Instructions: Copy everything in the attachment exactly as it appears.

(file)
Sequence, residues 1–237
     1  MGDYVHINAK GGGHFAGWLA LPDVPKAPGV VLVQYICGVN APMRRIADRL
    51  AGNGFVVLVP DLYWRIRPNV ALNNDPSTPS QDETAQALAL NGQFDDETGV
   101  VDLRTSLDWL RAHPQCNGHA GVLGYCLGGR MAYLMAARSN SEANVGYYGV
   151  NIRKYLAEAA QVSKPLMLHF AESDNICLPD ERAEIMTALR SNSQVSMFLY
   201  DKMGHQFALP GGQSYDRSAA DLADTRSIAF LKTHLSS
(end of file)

Sequence, residues 1–237
     1  MGDYVHINAK GGGHFAGWLA LPDVPKAPGV VLVQYICGVN APMRRIADRL
    51  AGNGFVVLVP DLYWRIRPNV ALNNDPSTPS QDETAQALAL NGQFDDETGV
   101  VDLRTSLDWL RAHPQCNGHA GVLGYCLGGR MAYLMAARSN SEANVGYYGV
   151  NIRKYLAEAA QVSKPLMLHF AESDNICLPD ERAEIMTALR SNSQVSMFLY
   201  DKMGHQFALP GGQSYDRSAA DLADTRSIAF LKTHLSS